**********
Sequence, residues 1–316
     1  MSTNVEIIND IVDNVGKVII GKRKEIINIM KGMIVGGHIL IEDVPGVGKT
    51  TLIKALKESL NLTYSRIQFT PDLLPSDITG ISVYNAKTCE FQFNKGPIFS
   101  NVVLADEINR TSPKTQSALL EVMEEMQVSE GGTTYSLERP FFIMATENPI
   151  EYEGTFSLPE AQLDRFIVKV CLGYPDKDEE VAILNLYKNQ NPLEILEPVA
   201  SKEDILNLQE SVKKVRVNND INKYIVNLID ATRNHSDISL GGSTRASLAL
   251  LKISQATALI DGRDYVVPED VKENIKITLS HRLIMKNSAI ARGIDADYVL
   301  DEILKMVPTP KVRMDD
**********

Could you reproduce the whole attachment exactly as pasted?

Sequence, residues 1–316
     1  MSTNVEIIND IVDNVGKVII GKRKEIINIM KGMIVGGHIL IEDVPGVGKT
    51  TLIKALKESL NLTYSRIQFT PDLLPSDITG ISVYNAKTCE FQFNKGPIFS
   101  NVVLADEINR TSPKTQSALL EVMEEMQVSE GGTTYSLERP FFIMATENPI
   151  EYEGTFSLPE AQLDRFIVKV CLGYPDKDEE VAILNLYKNQ NPLEILEPVA
   201  SKEDILNLQE SVKKVRVNND INKYIVNLID ATRNHSDISL GGSTRASLAL
   251  LKISQATALI DGRDYVVPED VKENIKITLS HRLIMKNSAI ARGIDADYVL
   301  DEILKMVPTP KVRMDD